>>> For what it does, Spyce is very compact. As an aside, this means that
>>> new developers can learn the codebase quickly.
>>> - That said, I think that there is a LOT of work that can still be done
>>> on Spyce to improve it. It is far from complete. The fact that it does
>>> not require frequent releases, does not mean that frequent releases
>>> are bad, especially in order to incorporate new features. Of course,
>>> backwards compatability is a strong incentive to rationalize and test
>>> any design before releasing it, but that should not prevent progress.
>>> I won't list all of my ideas for the sake brevity, but here are some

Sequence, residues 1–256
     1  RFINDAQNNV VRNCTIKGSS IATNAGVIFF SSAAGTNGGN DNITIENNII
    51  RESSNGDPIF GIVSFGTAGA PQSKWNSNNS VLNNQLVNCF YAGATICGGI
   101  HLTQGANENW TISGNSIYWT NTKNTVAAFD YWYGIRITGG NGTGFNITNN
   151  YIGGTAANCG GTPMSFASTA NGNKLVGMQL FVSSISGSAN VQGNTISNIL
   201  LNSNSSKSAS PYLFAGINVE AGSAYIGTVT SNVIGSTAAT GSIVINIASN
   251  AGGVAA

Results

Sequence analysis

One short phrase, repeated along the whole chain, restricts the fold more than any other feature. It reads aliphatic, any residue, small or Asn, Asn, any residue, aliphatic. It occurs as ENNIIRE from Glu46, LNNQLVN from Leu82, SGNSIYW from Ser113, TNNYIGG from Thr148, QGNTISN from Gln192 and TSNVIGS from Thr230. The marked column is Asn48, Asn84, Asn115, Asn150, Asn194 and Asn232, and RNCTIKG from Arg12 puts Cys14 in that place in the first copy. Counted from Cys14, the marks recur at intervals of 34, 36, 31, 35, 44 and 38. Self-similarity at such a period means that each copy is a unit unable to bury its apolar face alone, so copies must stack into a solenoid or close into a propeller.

>>> examples of interests to me, should I ever find the time to pursue
>>> them. If any of these suits your fancy, feel free to run with it:
>>> - improve the tag library to subsume the functionality of JSP,
>>> Java Faces, and Jakarta Taglibs among others.
>>> - ability to define user tags on-the-fly, just like you define
>>> Python functions.
>>> - improvements to the automaton (state machine) module, and an
>>> entire infrastructure to support stateful applications, along with
>>> a rendering engine and a component library. There are many
>>> projects to glean ideas from. I particularly like the design of
>>> Tapestry (http://jakarta.apache.org/tapestry/), and I think that
>>> there can be significant advantages gained by losing the Java/XML
>>> combo and doing things in a more "Pythonic" way. Any takers?
>>> - Perhaps a good sub-project or a baby-step in this direction would
>>> be a module for form validation.
>>> - Building more examples, and examples that are more meaningful.
>>> Perhaps a sample website would be nice.